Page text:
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**Author**

- Abubakar, Aria (1)
- Al Jenaibi, Faisal (1)
- Ben Salem, Ryadh (1)
- Betancourt, S. (1)
- Bonet-Cunha, Luciane (1)
- Bughio, Shams Udin (1)
- Chu, Lifu (1)
- Fohring, Jen (1)
- Habashy, Tarek (1)
- Haber, Eldad (1)
- He, Nanqun (1)
- Hoteit, Ibrahim (2)
- Katterbauer, Klemens (1)
- Lacroix, Sebastien (1)
- Liang, Lin (1)
- Liu, Ning (2)
- Meziani, Said (1)
- Monfared, Hashem (1)
- Oldenziel, T. (1)
- Oliver, D.S. (3)
- Oliver, Dean S. (1)
- Redner, R.A. (1)
- Reynolds, A.C. (2)
- Ruthotto, Lars (1)
- Sun, Shuyu (1)
- van Ditzhuijzen, R. (1)
- van Kruijsdijk, C.P.J.W. (1)
- Zhang, Yanhui (1)

**Concept Tag**

- Abubakar (1)
- algorithm (2)
- application (1)
- Archie (1)
- Artificial Intelligence (13)
- assimilation (1)
- Bayesian Inference (3)
- case study (1)
- coefficient (2)
- complex reservoir (1)
- Computational Geoscience (1)
- conductivity (2)
- conductivity field (1)
- covariance (2)
- covariance matrix (1)
- crosswell electromagnetic data (1)
- Crosswell EM data (1)
- data only (1)
- decomposition (1)
- Drillstem Testing (3)
- drillstem/well testing (3)
- dynamic model (1)
- dynamical equation (1)
- east flank (1)
- eigenvalue (1)
- electromagnetic data (2)
- electromagnetic data only (1)
- electromagnetic survey (1)
- EM data (1)
- Energy Economics (1)
- ensemble (1)
- ensemble Kalman filter (2)
- equation (3)
- estimation (1)
- estimation error (1)
- experiment (1)
- fast-track approach (1)
- fast-track modeling approach (1)
- flow field (1)
- flow in porous media (3)
- Fluid Dynamics (3)
- generate approximate conditional realization (3)
- geologic modeling (2)
- geological modeling (2)
- Habashy (1)
- history matching (13)
- history-matching problem (3)
- information (3)
- inversion (2)
- iteration (3)
- jpt uncertainty quantification (3)
- machine learning (13)
- Markov chain (2)
- matrix (2)
- McMC method (1)
- mismatch (2)
- model parameter (3)
- Modeling & Simulation (1)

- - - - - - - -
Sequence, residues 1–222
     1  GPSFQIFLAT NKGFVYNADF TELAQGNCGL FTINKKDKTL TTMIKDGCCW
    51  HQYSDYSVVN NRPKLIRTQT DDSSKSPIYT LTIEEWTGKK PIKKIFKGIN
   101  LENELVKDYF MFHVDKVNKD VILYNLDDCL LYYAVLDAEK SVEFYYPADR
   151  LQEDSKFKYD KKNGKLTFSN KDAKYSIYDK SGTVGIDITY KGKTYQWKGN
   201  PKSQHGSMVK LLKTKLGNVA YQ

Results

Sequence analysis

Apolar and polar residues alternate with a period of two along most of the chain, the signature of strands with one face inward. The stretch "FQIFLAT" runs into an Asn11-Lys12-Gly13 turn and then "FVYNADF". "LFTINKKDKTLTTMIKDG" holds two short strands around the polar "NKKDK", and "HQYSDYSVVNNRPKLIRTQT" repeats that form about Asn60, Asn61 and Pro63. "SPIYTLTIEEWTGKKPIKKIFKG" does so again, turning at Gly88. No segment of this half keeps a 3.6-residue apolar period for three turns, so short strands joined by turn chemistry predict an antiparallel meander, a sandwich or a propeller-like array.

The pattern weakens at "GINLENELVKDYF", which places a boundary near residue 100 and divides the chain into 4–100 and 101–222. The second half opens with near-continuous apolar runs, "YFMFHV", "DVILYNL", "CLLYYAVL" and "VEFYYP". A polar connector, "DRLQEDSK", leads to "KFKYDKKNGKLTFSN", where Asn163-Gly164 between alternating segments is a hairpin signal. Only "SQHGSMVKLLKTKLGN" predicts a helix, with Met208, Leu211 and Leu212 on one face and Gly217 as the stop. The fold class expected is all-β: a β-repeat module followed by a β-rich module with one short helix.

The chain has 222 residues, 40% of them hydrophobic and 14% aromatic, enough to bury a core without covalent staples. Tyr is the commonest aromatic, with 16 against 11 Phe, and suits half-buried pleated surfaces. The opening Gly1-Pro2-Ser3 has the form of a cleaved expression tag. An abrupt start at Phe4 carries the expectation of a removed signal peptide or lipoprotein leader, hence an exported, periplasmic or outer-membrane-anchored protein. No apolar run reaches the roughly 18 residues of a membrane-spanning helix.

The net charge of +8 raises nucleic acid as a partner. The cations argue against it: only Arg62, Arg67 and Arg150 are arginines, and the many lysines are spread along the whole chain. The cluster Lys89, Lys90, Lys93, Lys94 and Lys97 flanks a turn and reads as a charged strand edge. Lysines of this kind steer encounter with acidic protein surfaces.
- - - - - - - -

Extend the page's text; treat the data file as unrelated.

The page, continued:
- Monte Carlo method (1)
- multiobjective-optimization technique (3)
- multiple local gaussian approximation technique (3)
- objective function (2)
- optimization problem (3)
- permeability (9)
- Pilot Point Method (2)
- porosity (8)
- posteriori estimate (2)
- pressure data (4)
- pressure transient analysis (3)
- pressure transient testing (3)
- procedure (3)
- production data (4)
- quantification (3)
- quantify (3)
- realization (7)
- Reservoir Characterization (13)
- Reservoir Description (1)
- reservoir history matching (2)
- reservoir model (2)
- reservoir simulation (13)
- risk and uncertainty assessment (3)
- risk assessment (3)
- risk management (3)
- saturation (4)
- seismic data (2)
- sequence (2)
- SPE (3)
- spe 181611 (3)
- spe annual technical conference (3)
- special publication editor adam wilson (3)
- Standard Deviation (2)
- State Space (1)
- Statfjord Field (1)
- Technology Conference (1)
- uncertainty quantification (3)
- unconditional realization (2)
- Upstream Oil & Gas (13)
- US government (1)
- variogram (2)
- water saturation (2)

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An ensemble-based history-matching framework is proposed to enhance the characterization of petroleum reservoirs through the assimilation of crosswell electromagnetic (EM) data. As one of advanced technologies in reservoir surveillance, crosswell EM tomography can provide a cross-sectional conductivity map and hence saturation profile at an interwell scale by exploiting the sharp contrast in conductivity between hydrocarbons and saline water. Incorporating this new information into reservoir simulation in combination with other available observations is therefore expected to enhance the forecasting capability of reservoir models and to lead to better quantification of uncertainty.